Officially, kids learn to read in kindergarten. Unofficially, kids start learning how to be readers during their first weeks and months of life. That’s why educators recommend parents read not just to their preschoolers but to their toddlers and babies. The movement for early literacy has a campaign called “1,000 Books Before Kindergarten.”
A number with that many zeroes might sound overwhelming, but the math is reasonable. If you read one book each night, you’d hit 1,000 books in just over three years. Reading three books each night hits the goal in about one year.
Reading is an early indicator of academic success, yet studies estimate that as many as one in five children have difficulties in learning to read. Early experiences and interactions are a key factor in a child’s brain development. If they grow up enjoying stories, it’s easier to get them to read independently when they’re older.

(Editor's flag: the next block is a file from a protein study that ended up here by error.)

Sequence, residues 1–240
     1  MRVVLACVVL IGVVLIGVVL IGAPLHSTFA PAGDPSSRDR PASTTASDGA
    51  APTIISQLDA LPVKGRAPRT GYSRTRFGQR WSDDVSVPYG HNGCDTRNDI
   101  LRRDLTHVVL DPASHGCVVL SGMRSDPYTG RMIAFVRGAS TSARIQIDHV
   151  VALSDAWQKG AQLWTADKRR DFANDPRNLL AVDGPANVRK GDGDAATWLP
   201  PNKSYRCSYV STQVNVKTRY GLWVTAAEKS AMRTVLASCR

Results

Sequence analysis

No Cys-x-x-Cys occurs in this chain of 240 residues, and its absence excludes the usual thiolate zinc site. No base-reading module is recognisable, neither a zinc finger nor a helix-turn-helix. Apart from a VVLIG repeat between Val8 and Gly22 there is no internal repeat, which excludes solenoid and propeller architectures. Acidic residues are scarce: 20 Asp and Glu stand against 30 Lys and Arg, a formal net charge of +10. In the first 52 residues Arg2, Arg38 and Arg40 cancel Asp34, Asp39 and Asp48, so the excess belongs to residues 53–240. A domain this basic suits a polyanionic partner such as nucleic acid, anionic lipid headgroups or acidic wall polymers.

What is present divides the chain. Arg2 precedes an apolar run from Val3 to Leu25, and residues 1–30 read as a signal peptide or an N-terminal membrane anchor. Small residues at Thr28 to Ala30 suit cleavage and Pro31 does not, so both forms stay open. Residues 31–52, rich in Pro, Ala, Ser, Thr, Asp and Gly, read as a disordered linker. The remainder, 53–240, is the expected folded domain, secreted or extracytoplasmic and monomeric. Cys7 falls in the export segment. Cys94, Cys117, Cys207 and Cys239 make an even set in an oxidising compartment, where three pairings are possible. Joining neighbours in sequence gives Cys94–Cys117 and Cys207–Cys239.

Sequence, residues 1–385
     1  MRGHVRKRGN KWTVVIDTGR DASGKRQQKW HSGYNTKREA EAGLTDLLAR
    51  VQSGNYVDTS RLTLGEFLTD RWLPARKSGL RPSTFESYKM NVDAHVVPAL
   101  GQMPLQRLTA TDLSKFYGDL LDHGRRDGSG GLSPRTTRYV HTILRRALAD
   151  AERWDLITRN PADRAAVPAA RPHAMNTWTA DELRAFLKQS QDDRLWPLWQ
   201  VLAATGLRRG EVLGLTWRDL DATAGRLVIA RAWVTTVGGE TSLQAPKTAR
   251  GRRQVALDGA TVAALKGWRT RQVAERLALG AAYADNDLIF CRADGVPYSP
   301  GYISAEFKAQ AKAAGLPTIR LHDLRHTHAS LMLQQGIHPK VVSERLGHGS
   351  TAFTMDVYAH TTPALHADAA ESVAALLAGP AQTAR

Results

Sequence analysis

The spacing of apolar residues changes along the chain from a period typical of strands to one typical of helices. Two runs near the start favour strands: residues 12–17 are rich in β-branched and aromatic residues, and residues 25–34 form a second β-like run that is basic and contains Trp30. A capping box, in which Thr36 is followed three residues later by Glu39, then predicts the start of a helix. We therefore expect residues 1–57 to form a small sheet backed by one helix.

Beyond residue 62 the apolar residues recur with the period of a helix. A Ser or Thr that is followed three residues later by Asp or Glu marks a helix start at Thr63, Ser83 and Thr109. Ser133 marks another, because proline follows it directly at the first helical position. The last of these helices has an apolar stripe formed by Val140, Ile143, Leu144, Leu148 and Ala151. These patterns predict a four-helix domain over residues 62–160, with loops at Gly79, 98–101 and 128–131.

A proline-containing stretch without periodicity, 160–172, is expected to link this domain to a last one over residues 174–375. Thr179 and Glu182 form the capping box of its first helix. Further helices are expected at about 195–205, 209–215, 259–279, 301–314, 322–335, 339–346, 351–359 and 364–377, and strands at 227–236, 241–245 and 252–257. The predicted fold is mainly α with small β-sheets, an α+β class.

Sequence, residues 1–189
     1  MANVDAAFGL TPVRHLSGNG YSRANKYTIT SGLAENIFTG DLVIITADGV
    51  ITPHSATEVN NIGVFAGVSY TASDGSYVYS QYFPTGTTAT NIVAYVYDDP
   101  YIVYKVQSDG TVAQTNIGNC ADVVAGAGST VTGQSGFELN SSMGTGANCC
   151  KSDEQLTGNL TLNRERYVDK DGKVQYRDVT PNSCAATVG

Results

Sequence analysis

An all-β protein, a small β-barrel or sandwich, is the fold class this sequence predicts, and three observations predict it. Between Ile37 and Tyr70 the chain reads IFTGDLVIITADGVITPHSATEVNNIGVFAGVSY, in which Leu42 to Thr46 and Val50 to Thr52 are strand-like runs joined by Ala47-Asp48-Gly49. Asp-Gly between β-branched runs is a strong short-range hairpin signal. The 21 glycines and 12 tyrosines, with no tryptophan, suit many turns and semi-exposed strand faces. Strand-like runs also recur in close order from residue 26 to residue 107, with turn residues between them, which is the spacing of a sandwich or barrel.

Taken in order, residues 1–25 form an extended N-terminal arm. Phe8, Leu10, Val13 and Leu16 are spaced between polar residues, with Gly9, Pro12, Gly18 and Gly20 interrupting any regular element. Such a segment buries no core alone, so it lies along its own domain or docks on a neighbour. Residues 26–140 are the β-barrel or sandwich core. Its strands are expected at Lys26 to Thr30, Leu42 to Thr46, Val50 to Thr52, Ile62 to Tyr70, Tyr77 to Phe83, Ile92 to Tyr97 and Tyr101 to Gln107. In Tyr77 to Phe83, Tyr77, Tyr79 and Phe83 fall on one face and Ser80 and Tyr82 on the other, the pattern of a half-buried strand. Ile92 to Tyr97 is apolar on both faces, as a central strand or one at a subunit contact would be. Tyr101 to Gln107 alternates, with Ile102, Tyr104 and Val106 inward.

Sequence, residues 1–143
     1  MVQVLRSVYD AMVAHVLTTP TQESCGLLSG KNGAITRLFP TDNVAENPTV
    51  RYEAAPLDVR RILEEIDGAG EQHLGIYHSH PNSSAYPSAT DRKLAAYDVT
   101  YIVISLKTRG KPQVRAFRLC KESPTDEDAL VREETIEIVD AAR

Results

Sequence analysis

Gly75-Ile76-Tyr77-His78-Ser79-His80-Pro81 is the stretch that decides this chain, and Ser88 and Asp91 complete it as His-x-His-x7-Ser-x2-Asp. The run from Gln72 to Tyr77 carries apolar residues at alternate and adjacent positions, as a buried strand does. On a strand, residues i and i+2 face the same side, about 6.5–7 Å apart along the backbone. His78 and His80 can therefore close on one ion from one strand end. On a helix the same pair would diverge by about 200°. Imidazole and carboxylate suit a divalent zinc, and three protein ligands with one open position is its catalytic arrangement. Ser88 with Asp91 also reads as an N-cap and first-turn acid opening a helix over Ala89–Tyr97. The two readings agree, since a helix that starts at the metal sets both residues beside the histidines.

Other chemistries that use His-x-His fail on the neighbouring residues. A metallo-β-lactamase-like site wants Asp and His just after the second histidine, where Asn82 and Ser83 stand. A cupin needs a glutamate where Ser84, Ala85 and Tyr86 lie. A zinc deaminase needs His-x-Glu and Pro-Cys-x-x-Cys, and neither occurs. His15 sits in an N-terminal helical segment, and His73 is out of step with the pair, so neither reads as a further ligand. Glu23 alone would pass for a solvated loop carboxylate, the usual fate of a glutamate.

It doesn’t matter if parents are re-reading books. The act of reading — not the constant introduction of new stories — is what’s important.
Parents can sign up for “1,000 Books Before Kindergarten” online or at the library. Keep track of your reading and kids can earn stickers and small prizes as incentives. For more information go to www.hudsonpubliclibrary.org and click on the button that says “Children.”